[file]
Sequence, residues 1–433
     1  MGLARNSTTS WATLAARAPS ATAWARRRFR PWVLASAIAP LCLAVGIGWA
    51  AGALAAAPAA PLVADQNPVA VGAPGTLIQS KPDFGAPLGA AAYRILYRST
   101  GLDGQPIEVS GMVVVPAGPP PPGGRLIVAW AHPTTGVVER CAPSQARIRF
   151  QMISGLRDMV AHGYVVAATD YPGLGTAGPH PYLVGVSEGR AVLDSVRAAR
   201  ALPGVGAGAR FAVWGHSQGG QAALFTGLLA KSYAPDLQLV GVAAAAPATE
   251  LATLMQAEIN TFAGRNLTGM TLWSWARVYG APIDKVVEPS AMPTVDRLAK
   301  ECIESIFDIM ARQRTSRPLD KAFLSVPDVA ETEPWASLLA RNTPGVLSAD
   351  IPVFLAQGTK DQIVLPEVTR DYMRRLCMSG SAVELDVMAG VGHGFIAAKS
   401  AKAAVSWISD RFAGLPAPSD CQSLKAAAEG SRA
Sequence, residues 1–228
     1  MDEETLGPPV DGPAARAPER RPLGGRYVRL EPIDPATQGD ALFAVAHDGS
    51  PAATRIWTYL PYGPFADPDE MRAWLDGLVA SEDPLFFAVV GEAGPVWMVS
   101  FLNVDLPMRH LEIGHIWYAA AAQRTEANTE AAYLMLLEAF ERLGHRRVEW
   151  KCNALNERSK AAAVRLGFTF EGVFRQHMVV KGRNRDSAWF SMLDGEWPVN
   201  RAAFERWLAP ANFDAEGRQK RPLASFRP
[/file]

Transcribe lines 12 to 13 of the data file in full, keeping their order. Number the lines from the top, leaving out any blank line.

     1  MDEETLGPPV DGPAARAPER RPLGGRYVRL EPIDPATQGD ALFAVAHDGS
    51  PAATRIWTYL PYGPFADPDE MRAWLDGLVA SEDPLFFAVV GEAGPVWMVS